As usual you can have a play with the game in its current form above. (Up to jump, left and right to control the player).

The first new thing to notice are there are now menus, yey! Incredibly poor, made by a toddler, looking menus, but menus nonetheless. My artist and collaborator on this project, Moh, has been away for the last week so the game has had to suffer at the hands of my terrible programmer art. Now that he is back however, he will be whipping the visuals into shape.

Again this week I have had far less time to work on the project that I was hoping for (damn real life). With the little time I have afforded myself, I mostly concentrated on menus, resolutions, DPIs and aspect rations. These topics are the rather unglamorous side of mobile programming but are a necessary part of writing a game for multiple devices.

First a note on my testing environment and devices:

PC (flash) - 1024x683 @ 72 DPI
iPad3 - 2024x1536 @ 264 DPI
iPhone 4 - 960x640 @ 326 DPI
iPhone 3G - 480x320 @ 153 DPI

(I currently don’t have access to an android device but I hope to test on it soon.)

As you can see there is a rather large variation in resolutions and Dots Per square Inch (DPI). There is also two different aspect ratio’s there 4:3 for the iPad and 3:2 for iPhone. The iPhone 3GS is the same aspect ratio but half the resolution as the iPhone 4 and the iPhone 4S is the same aspect and DPI as the iPhone 4. The iPad 2 is half the resolution of the iPad 3 but has the same aspect ratio.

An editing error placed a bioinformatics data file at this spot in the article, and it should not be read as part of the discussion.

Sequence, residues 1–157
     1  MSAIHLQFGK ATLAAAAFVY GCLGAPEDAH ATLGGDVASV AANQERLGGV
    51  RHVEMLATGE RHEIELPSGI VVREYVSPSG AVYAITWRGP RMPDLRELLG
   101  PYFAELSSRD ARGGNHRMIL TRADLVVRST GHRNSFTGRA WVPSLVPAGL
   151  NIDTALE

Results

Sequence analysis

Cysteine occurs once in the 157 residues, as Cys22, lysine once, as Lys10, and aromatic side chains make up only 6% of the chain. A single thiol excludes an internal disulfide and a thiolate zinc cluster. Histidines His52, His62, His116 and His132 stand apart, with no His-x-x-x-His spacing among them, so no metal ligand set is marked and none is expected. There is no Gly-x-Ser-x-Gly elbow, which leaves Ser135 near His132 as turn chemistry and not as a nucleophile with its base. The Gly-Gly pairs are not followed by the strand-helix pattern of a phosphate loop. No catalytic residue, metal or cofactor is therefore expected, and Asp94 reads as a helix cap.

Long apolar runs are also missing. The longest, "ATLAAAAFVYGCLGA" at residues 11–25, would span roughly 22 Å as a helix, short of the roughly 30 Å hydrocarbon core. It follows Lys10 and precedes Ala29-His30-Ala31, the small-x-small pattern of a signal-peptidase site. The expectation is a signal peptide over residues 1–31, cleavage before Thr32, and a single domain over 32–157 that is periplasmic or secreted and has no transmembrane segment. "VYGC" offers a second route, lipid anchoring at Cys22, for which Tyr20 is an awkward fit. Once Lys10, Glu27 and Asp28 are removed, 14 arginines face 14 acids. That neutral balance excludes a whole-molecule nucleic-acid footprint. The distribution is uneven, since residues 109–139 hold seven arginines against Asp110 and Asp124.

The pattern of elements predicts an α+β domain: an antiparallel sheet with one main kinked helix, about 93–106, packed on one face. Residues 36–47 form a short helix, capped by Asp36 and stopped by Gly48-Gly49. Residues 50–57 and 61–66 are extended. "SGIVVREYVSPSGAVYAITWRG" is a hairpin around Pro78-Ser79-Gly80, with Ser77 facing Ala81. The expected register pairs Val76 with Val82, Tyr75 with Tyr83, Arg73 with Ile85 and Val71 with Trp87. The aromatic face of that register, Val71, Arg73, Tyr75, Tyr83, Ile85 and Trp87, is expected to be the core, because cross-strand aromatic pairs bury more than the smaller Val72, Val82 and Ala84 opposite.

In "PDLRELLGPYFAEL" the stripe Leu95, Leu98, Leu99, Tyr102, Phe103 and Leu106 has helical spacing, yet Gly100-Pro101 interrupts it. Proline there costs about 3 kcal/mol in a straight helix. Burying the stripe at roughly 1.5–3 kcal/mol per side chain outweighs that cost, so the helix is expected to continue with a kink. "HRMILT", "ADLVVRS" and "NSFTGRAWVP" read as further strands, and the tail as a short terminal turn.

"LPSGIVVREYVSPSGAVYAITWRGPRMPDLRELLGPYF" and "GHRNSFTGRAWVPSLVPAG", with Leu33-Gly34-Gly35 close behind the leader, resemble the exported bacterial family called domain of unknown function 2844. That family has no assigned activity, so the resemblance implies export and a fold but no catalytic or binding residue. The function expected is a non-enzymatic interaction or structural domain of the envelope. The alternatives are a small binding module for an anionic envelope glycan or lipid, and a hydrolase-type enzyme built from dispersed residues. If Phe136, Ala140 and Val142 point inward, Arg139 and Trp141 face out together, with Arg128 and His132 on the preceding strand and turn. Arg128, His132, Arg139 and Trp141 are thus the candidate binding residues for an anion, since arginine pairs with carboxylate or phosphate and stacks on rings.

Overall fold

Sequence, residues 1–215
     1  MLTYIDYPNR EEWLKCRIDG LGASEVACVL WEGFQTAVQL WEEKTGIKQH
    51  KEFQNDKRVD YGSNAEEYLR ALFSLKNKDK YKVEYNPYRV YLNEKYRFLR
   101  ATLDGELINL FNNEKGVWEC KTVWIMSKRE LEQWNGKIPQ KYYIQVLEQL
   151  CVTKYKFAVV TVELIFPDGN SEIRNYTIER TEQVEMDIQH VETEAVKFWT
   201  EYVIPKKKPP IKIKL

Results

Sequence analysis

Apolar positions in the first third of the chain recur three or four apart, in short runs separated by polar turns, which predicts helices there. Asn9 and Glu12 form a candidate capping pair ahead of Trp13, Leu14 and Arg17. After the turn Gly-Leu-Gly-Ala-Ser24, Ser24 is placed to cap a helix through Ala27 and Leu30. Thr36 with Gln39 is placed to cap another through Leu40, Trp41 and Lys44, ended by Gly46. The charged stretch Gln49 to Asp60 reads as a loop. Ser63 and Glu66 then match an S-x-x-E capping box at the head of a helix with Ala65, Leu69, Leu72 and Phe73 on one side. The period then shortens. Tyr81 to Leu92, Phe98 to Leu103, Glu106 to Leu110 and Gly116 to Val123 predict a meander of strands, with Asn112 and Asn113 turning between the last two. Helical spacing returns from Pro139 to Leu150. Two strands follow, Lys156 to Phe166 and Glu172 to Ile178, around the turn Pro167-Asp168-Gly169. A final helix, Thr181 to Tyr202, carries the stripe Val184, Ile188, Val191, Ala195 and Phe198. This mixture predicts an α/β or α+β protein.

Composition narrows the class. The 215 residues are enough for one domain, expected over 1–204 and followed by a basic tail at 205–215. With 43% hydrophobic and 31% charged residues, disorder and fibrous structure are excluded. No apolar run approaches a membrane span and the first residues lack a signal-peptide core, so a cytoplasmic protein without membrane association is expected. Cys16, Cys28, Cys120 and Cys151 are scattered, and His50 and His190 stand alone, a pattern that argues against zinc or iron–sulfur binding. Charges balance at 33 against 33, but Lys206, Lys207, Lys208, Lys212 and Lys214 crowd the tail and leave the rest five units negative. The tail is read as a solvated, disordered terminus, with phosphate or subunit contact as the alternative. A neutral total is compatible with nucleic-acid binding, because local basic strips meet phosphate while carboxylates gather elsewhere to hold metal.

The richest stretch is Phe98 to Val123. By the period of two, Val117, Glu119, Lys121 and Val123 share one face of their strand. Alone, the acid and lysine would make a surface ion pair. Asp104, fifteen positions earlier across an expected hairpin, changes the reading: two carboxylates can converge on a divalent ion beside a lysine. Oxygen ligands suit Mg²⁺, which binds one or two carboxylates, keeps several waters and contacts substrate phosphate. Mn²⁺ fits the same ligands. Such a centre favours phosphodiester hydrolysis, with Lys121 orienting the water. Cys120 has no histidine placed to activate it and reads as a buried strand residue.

Basically all this equates into a few days of headaches while I try to wrap my brain around how to handle this mess. My solution to this conundrum is set my default target to the iPhone aspect ratio of 3:2 as it is more restrictive in the Y direction than the 4:3 ratio of the iPads. If I can build menus that work in 3:2 then they should look okay (if a little bit more spaced out) in 4:3.

To handle the various resolutions within an aspect ratio I then need to provide various versions of the assets that would roughly take up the same amount of screen space at that resolution. So for example if the screen is 1000px wide for example and the title for a menu is 800px wide when I design it on my PC, I would then need to provide a 1600px wide title image when running on a screen 2000px wide.